Our preoccupation with incarceration costs us in education


By Naivasha Dean, Contributing Columnist

Faced with high unemployment rates and crippling debt, Oregon students are stumbling under the burden of rising tuition costs. On Feb. 21, hundreds of Oregon college students lobbied lawmakers in Salem and gathered on the campuses of Eastern Oregon and Portland State Universities to protest the rising cost of higher education. Annual tuition and fees have doubled over the last decade, and the Legislature’s 2011 hold back of 3.5 percent of the education budget has exacerbated the problem.

Partnership for Safety and Justice (PSJ) joined the Oregon Student Association in its day of protest and lobbying because, as an organization committed to building safe and healthy communities, we know that education is a key factor for success. We also know that students have a difficult job lobbying the legislature to stop the increasing cost of tuition and fees. In such a challenging budgetary climate, policymakers have been looking at a decade of deficits. Because they haven’t found the political will to raise revenue, their approach to budget deficits has been to simply cut funding and services. Legislators regularly ask students lobbying to protect higher education funding: Where would you like us to take the money from? Do you have an idea of where we can make smart cuts?

Well, we have an idea. Oregon is one of only a handful of states in the nation that spends more money on prisons than on higher education, a statistic that is often met with dropped jaws by students struggling for financial aid. The Department of Corrections has been one of the fastest growing state agency budgets that is eating up an ever-increasing percentage of the state’s General Fund. This does not bode well for Oregon’s future and represents a deeply misplaced set of priorities and an archaic approach to addressing crime and public safety.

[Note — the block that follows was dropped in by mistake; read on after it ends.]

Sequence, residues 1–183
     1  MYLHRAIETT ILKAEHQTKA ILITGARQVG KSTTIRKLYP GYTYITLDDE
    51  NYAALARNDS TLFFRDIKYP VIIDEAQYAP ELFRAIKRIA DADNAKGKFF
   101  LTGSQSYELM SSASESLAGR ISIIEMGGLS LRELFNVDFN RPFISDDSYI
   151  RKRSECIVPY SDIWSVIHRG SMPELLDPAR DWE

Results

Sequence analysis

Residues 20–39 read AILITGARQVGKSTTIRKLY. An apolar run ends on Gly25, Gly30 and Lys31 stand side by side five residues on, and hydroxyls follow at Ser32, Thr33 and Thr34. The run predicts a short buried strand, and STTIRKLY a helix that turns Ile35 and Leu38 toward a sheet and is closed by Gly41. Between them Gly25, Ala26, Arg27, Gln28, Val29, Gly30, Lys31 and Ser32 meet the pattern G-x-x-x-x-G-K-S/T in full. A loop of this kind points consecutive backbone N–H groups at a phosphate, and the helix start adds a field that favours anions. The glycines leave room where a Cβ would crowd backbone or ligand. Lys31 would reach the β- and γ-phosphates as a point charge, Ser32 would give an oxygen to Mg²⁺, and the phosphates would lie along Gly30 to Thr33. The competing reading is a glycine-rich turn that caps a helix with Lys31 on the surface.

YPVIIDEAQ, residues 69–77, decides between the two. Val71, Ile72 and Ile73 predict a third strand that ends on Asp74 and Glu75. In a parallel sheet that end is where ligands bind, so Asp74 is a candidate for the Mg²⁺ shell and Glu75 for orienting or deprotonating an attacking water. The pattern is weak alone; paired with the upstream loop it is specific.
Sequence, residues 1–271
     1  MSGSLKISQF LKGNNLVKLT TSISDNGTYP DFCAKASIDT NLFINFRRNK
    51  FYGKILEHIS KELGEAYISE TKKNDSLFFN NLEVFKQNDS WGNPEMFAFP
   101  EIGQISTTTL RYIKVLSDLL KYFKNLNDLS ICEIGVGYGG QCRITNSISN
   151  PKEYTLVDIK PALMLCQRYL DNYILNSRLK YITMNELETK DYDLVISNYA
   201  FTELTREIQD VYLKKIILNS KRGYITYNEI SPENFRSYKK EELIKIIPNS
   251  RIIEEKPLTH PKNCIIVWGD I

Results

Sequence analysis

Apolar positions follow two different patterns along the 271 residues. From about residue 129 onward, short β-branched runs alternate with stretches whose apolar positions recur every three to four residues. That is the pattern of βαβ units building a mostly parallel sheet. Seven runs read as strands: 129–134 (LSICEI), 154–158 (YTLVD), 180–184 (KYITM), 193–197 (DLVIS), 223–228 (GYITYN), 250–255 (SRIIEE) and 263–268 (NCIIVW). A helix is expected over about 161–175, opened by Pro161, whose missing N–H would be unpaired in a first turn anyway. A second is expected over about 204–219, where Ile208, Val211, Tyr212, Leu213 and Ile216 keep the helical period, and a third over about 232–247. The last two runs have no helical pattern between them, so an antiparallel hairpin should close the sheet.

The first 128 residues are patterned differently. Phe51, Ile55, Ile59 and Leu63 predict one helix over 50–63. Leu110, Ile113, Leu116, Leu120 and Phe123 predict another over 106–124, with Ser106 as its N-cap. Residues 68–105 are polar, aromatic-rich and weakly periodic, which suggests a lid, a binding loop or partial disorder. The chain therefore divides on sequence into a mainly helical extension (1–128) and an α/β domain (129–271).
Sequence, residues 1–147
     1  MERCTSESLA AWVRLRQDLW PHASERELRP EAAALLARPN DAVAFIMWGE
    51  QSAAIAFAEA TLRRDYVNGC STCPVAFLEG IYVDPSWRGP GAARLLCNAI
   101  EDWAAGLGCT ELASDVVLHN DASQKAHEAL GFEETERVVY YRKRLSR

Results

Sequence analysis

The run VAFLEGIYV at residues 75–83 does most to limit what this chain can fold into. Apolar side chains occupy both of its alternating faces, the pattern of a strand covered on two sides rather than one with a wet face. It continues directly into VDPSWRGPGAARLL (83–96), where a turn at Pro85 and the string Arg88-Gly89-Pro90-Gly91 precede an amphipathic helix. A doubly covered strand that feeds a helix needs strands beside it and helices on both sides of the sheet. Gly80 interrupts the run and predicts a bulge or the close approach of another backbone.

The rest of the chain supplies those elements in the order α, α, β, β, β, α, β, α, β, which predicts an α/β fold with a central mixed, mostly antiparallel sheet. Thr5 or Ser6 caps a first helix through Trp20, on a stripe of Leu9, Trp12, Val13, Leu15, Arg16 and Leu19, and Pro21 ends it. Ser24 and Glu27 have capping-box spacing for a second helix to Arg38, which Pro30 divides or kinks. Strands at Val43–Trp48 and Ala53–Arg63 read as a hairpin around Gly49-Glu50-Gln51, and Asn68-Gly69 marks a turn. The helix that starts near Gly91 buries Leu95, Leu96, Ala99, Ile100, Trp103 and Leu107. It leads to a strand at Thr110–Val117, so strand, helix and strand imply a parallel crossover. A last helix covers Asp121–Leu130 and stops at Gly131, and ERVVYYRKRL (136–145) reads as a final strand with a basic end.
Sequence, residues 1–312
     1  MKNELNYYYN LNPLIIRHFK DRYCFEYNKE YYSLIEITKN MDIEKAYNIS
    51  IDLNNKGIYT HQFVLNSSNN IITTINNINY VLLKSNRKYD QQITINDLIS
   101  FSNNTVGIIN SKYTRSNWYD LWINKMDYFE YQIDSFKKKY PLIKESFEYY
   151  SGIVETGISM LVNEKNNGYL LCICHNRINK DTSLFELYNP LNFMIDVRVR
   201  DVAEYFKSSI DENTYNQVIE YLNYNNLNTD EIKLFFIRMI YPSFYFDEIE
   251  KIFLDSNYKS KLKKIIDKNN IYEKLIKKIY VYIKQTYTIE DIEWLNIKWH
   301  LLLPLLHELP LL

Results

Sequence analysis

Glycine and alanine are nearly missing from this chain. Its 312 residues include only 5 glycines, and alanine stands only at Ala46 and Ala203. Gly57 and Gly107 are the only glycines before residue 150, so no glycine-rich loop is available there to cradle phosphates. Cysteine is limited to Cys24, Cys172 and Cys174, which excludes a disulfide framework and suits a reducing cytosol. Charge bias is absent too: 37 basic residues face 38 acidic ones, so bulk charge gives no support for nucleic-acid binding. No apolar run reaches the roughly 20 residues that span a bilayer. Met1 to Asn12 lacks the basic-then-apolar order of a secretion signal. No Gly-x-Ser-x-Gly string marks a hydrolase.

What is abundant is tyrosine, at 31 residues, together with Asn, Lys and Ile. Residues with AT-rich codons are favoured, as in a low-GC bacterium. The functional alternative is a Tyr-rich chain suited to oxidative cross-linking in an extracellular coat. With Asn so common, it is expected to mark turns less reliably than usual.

Why is Oregon’s prison spending so out of control? Oregon can trace the trend directly back to 1994, when voters approved Ballot Measure 11. Measure 11 established mandatory minimum sentences for approximately 20 “person-to-person” crimes, and it automatically sends youth charged with any of those crimes, aged 15 and over, directly to adult court. Mandatory minimums are a one-size-fits-all approach to criminal sentencing that prevent judges from using their discretion and prevents Oregon from using smarter approaches to accountability and crime prevention.

Shortly after the passage of Measure 11, Oregon’s governor and legislature approved plans for more than 8,000 new prison beds, including siting for six new prisons. Since then, the legislature has authorized more than $1 billion for prison construction. As anticipated, Oregon’s prison population exploded — from 6,000 inmates in 1995 to more than 14,000 today, and the Department of Corrections budget more than tripled.